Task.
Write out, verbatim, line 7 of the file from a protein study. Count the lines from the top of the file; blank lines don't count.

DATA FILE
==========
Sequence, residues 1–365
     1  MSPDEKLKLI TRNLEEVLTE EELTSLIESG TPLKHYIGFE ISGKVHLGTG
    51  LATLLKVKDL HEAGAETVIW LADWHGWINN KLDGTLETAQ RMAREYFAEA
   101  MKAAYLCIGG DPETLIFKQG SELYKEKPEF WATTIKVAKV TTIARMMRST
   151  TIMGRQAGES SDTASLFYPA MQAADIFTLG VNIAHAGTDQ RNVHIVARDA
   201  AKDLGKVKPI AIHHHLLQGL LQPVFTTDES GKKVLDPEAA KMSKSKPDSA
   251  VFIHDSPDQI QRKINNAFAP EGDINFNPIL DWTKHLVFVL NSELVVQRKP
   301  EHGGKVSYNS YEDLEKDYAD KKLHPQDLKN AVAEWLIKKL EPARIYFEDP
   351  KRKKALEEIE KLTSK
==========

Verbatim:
   251  VFIHDSPDQI QRKINNAFAP EGDINFNPIL DWTKHLVFVL NSELVVQRKP